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Ice Streams and the Physics of Meltdowns

Snow

Crevassing at the surface of an active shear margin

The Antarctic Ice Sheet is one of the two polar ice packs of the Earth that holds about 61% of all fresh water and is thus a crucial component in climate models. Several pieces of evidence indicate that Antarctica is warming, with most of the mass loss occurring in West Antarctica. The principal drainage routes for the inland ice are the West Antarctic ice streams - regions of several km width and hundreds of km length in which the ice flows more than an order of magnitude faster than in the surrounding ice ridges.Unfortunately, the reasons for the differences in flow regime between ice streams and the rest of the ice sheet are still largely unknown. The goal of this project is to shed some new light on the thermal and fluid-dynamical processes that determine the width and flow speed of ice streams. We explore the hypothesis that the width of ice streams is controlled primarily by internal melting within the ice sheet margins. Since the flow speed in ice streams is usually attributed to basal processes, we focus particularly on meltwater generation and distribution at the base of the ice stream.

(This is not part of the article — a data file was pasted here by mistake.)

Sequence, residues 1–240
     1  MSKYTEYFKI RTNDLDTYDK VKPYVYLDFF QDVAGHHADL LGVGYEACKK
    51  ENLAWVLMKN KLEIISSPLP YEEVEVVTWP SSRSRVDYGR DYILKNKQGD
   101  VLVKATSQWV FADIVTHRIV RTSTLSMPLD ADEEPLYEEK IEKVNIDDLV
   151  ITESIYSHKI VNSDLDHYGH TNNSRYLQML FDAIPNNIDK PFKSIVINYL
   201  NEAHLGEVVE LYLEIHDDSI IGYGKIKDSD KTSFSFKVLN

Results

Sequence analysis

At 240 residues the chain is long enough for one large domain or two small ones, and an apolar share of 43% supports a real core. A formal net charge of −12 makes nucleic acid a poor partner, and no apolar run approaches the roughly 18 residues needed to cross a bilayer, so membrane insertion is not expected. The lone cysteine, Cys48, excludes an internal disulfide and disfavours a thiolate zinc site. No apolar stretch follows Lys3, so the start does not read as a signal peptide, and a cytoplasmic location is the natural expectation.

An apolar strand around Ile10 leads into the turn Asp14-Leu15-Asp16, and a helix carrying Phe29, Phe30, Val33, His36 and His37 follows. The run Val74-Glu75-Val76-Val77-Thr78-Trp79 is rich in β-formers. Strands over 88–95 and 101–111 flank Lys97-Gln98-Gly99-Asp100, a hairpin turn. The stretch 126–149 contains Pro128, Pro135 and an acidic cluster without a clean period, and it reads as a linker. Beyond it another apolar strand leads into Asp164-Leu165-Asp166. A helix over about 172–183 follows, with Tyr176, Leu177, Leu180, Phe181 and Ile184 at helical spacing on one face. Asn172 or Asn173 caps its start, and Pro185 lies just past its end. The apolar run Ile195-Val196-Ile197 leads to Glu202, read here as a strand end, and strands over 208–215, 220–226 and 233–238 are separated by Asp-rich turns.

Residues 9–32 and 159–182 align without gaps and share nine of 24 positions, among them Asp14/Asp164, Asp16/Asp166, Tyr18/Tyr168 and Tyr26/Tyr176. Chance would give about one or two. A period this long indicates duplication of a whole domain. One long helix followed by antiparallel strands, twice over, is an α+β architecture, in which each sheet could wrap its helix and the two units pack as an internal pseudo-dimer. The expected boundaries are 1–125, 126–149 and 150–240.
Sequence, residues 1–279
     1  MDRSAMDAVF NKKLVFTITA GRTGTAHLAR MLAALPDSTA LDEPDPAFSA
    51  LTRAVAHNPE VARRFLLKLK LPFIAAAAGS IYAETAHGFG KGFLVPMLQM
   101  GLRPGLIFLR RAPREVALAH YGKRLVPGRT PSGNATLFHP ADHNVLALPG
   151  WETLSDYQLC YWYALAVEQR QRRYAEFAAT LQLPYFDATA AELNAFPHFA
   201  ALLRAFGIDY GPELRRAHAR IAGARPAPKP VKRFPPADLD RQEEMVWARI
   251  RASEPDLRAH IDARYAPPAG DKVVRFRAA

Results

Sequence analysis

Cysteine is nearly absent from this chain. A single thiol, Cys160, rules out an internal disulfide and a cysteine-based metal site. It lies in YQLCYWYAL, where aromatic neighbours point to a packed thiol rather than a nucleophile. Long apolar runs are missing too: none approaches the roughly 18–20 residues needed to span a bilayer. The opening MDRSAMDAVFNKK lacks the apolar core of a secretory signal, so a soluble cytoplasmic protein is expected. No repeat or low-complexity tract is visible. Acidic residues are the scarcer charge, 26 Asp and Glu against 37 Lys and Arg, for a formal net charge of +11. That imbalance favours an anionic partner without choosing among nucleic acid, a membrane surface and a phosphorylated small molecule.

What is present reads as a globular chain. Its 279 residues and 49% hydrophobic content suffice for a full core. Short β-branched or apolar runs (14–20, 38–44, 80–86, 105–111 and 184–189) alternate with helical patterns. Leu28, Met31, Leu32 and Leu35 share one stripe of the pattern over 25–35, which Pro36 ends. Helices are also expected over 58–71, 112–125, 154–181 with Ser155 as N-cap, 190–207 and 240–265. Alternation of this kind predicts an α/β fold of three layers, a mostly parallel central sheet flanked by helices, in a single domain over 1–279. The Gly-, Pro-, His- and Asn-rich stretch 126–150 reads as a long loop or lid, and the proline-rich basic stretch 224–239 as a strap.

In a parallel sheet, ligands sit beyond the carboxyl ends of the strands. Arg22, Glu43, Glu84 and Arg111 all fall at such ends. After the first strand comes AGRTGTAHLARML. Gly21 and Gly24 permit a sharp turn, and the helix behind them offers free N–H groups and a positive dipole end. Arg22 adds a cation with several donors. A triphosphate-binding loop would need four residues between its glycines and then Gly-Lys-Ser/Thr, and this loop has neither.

Collaborators: Jim RiceThibaut Perol, John D. Platt